the lives of others. An independent selection panel will choose the top three nominees for induction. An awards ceremony will be held Oct. 28 at the Smith-Wagner Building at the Chesterfield County government complex. Nomination forms are available at each Chesterfield County Public Library branch and can be downloaded from chesterfield. gov. Click the Family Resources link, then the Special Events, Initiatives and Training link to access the form. Nominations must be received no later than 5 p.m. on Sept. 17. For more information, contact Gail Sutler at (804)751-4497 or gail.sutler@vdh.virginia. gov, or Debbie Leidheiser at (804)768-7878 or - courtesy of Chesterfield County

Elizabeth Farina EDITOR

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CORRECTION/CLARIFICATION Cosby Titans were misidentified in the "High school football fever in the cool air" 9/2/10 article. We apologize for the error.

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STUFF TO DO E-mail your event to Subject line: EVENT

SATURDAY, SEPT. 11 USA Patriots’ Day will be held at the grounds of Vista del Lago in Powhatan from 11 a.m. – 8 p.m. The estate will be transformed into a music festival like no other that will rock with the sounds of our star-spangled headliner CHARLIE DANIELS along with 2009 America’s Got Talent Winner Kevin Skinner. You don’t want to miss this day in the country, a day to show your pride and support the Marine Corps League at this benefit for our Wounded Warriors, and local EMS. Tickets may be purchased online at General admission is $25. PHOTO BY ELIZABETH FARINA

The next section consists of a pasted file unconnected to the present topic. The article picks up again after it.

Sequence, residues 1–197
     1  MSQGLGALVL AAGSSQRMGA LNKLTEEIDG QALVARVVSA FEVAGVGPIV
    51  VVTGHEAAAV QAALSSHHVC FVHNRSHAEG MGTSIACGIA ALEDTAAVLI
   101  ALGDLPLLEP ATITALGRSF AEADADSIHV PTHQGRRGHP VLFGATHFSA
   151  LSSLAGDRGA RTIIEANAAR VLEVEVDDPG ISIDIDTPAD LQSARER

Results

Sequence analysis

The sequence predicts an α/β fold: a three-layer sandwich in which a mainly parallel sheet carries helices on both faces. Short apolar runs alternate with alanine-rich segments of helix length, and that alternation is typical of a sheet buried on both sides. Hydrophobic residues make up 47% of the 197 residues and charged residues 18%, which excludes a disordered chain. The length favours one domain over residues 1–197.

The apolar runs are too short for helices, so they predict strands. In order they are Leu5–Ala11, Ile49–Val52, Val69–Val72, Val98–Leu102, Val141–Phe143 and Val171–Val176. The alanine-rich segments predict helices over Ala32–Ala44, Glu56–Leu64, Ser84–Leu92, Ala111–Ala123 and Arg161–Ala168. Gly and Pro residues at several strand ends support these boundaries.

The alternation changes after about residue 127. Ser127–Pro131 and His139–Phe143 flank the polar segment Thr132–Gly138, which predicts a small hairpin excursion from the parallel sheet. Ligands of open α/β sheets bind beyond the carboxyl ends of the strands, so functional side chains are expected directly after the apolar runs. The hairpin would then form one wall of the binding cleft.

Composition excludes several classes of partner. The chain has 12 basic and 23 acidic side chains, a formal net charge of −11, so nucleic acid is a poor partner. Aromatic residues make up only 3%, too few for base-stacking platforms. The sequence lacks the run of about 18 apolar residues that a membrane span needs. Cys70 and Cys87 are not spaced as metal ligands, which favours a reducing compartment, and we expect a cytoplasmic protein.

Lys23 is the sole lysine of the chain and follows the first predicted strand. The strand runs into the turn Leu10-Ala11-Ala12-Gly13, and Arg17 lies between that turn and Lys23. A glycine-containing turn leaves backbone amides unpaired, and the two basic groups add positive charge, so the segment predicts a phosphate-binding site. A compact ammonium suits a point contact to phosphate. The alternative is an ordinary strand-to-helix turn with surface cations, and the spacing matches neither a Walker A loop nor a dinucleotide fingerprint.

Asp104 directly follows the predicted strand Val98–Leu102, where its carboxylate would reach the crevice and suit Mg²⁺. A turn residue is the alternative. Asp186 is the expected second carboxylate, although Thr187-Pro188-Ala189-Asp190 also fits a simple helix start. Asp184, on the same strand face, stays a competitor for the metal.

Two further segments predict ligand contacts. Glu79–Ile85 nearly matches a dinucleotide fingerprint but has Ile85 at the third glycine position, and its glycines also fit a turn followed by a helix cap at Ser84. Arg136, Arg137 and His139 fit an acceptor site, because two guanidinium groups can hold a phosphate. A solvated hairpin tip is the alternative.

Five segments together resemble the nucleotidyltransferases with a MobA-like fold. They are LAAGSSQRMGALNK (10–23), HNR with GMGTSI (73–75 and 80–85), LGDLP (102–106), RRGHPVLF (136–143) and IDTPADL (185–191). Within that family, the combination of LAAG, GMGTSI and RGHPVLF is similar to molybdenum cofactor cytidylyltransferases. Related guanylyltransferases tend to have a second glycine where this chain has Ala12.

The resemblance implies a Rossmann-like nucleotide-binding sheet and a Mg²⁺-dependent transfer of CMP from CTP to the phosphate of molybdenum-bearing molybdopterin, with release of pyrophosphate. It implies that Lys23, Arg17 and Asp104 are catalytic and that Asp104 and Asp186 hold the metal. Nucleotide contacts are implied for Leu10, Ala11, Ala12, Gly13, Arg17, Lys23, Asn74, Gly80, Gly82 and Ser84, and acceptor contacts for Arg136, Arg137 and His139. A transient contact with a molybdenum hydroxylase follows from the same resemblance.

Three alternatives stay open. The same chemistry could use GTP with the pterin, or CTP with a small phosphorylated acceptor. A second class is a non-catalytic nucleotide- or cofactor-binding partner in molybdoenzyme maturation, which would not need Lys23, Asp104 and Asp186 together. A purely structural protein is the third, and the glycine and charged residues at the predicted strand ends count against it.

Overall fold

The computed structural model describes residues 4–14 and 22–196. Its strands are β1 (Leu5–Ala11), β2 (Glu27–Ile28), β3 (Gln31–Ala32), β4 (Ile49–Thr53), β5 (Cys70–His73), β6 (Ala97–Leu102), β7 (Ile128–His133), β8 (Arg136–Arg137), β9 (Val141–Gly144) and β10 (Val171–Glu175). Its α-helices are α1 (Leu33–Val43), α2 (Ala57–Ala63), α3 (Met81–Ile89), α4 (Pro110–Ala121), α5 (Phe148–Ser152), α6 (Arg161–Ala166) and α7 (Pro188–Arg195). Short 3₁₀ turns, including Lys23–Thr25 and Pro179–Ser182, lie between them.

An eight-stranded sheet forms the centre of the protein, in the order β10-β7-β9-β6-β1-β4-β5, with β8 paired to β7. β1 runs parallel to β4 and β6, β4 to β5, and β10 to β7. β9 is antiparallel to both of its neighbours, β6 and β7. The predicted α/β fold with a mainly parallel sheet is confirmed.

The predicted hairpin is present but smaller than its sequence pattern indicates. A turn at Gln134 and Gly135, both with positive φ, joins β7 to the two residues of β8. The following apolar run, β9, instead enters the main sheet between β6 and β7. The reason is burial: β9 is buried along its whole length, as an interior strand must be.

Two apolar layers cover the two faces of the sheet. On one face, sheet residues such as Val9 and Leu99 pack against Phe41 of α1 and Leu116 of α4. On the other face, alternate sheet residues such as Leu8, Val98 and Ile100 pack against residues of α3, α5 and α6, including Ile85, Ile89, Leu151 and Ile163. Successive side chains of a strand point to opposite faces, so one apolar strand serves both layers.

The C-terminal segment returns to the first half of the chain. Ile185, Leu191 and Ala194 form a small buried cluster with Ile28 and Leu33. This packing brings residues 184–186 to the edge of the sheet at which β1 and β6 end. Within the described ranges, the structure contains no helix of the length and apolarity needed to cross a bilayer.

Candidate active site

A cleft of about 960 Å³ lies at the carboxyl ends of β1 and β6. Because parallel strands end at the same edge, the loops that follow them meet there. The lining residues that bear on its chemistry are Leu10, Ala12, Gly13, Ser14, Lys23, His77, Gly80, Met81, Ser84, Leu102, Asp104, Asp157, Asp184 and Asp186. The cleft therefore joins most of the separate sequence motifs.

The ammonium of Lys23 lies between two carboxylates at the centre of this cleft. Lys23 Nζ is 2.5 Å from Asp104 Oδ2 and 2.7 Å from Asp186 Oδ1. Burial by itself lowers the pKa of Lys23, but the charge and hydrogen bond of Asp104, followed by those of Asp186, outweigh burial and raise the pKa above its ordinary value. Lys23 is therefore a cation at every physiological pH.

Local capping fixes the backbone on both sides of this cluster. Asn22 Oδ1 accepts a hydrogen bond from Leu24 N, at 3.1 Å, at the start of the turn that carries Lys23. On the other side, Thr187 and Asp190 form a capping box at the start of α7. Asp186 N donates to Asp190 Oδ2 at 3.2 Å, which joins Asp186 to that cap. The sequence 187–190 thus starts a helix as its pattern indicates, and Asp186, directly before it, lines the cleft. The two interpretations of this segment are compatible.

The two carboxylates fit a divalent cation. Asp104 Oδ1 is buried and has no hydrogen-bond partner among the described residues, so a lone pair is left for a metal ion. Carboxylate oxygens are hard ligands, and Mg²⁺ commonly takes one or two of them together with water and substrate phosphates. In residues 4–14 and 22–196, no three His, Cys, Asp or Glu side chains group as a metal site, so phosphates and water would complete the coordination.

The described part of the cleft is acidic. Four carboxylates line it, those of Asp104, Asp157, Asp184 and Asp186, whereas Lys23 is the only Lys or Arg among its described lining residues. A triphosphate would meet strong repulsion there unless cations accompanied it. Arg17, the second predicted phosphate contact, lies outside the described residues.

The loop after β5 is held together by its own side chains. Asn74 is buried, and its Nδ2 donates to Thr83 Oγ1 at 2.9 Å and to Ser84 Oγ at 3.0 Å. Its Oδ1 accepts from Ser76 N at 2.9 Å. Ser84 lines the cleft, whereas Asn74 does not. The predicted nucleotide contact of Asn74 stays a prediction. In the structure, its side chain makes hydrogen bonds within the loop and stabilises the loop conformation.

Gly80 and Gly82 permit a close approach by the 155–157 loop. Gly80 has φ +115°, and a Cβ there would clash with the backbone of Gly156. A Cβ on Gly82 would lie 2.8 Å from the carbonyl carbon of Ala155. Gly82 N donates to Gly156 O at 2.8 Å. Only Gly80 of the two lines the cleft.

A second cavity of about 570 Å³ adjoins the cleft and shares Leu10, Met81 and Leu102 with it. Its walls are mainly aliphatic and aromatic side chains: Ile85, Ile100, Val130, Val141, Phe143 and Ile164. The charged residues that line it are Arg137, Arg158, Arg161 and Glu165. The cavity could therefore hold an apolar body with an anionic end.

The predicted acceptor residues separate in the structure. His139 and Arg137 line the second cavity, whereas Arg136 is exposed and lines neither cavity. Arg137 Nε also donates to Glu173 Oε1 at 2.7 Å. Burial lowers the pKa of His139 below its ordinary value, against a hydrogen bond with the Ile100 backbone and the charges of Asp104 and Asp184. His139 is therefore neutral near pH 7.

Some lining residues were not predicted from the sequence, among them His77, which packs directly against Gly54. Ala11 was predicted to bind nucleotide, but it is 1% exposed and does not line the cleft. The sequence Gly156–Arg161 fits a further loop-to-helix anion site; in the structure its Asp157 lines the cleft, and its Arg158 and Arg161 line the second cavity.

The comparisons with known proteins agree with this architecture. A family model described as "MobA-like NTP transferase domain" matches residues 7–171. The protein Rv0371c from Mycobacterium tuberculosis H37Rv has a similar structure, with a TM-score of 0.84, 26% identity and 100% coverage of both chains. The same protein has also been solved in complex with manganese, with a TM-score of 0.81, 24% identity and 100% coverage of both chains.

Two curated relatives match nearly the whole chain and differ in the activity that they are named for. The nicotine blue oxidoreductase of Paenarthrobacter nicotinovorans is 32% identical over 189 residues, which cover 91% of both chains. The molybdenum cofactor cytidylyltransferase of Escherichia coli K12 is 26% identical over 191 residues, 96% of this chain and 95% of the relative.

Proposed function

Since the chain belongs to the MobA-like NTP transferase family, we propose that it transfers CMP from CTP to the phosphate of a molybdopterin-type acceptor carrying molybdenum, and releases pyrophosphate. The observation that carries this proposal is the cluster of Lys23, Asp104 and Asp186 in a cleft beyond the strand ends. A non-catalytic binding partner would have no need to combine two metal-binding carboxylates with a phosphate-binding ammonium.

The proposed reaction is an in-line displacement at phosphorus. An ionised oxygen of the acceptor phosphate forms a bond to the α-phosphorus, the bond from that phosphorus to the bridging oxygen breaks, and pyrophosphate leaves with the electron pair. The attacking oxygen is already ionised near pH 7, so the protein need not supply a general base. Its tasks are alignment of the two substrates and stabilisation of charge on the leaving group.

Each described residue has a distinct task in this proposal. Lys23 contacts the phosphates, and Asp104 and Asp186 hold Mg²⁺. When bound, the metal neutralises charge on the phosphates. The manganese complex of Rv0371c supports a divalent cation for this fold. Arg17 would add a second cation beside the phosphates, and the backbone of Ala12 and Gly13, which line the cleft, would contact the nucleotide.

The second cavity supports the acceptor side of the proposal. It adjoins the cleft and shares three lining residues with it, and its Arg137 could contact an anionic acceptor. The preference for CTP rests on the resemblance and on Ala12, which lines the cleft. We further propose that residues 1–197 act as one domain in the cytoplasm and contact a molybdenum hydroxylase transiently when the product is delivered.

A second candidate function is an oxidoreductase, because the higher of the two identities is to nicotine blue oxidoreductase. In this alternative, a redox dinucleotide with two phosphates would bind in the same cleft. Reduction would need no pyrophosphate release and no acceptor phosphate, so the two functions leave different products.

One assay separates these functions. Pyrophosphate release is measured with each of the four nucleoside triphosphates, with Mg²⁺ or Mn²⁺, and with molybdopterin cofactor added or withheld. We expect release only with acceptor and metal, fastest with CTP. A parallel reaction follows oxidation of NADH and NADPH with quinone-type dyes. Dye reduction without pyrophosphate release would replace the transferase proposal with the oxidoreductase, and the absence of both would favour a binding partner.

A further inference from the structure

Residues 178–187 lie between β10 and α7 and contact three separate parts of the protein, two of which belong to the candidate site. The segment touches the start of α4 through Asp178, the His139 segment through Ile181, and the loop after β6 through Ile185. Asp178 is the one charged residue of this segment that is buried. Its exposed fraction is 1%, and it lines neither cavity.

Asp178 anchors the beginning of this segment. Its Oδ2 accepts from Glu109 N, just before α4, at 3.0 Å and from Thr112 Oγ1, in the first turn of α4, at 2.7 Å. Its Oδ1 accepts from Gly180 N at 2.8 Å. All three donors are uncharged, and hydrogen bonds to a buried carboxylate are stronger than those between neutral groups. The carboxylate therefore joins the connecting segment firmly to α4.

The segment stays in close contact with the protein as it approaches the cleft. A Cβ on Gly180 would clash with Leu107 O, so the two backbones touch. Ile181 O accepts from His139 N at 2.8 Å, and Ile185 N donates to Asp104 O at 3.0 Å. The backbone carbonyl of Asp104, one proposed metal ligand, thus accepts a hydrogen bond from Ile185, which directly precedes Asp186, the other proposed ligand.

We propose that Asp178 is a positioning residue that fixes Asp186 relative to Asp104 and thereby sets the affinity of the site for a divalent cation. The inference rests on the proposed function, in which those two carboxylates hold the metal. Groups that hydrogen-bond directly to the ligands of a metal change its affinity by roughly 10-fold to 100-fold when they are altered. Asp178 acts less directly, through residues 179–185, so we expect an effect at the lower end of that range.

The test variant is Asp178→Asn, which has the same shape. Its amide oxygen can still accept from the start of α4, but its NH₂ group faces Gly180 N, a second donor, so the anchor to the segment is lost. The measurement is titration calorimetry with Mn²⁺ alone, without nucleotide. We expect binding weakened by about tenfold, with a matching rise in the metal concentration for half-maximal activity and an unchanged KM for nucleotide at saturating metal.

Volunteers construct a lean-to at the Virginia Indian site at Henricus.

medicinal demonstrations, Virginia Indian activities, historical children’s games and crafts and storytelling. For many years in the 20th century, Henricus was completely neglected. Midlothian author and very special teacher for whom Bettie W. Weaver Elementary School is named, Bettie Weaver remembers visiting Henricus in the late 1940s with Rosalie (Mrs. John Morgan) Applegate when “we had to beat our way uphill to that large cross at the top after getting permission in advance from VEPCO (Virginia Electric & Power Company, now Dominion). We were appalled at the abandonment of the place.” Gaining attention and support for Henricus over the intervening 60 years has taken far longer than the period from 1611- when Sir Thomas Dale moved up the James River, on behalf of the London Company, to establish the settlement -- to the 1622 Indian attack that wiped out the settlement. It is the hope of the acting executive, Charles Lewis Grant, that the anniversary will “get Henricus on the historical map and fill in the timegap.” He points out, “What you normally see is ‘Jamestown 1607’ and then ‘Plymouth 1620’ – and something very important happened between those years. Had Henricus not succeeded from 1611 to 1622, the English colonization of North America would have been dealt a chilling blow.” Just as present arguments exist by experts about whether to put more or less money into stimulating the economy, so some members of Great Britain’s early 17th-century Parliament felt the Crown was throwing good money after bad by establishing Henricus in 1611. After all, Jamestown had only been rescued by an act of chance when Sir Thomas Dale arrived after “the starving time” of 1609-10, persuading settlers to stay on rather than throwing in the towel and returning to England. Despite the fact that the Henricus colonists who survived the 1622 massacre virtually abandoned their citie, consolidating with survivors at Jamestown, they had lasted long enough for the Plymouth Colony to gain a strong foothold in Massachusetts, thus proving North America was a viable area for settlement – and investment. A personal visit to the site reveals the neck